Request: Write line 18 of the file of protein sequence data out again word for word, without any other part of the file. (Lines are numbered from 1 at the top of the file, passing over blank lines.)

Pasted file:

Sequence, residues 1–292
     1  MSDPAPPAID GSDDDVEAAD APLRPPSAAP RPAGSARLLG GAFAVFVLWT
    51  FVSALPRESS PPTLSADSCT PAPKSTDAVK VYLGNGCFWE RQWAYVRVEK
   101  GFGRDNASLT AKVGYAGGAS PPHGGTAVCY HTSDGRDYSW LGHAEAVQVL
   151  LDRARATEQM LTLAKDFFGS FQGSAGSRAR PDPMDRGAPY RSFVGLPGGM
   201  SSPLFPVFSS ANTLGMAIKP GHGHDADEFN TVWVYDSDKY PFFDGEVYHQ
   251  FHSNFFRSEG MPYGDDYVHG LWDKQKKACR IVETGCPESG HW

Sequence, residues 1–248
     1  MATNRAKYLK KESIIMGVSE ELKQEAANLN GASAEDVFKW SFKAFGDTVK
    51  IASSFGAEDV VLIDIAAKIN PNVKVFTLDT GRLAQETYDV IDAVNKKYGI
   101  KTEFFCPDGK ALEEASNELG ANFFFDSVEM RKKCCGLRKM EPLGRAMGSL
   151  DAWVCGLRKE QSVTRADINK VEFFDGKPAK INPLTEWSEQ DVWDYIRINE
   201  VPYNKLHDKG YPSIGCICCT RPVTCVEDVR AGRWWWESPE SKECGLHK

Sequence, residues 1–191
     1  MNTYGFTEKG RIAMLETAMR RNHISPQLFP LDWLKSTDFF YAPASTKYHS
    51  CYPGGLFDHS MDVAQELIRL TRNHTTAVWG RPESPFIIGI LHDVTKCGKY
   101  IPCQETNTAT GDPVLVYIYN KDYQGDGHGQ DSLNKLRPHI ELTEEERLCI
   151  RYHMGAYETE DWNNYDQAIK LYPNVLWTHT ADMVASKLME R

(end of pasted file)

   151  RYHMGAYETE DWNNYDQAIK LYPNVLWTHT ADMVASKLME R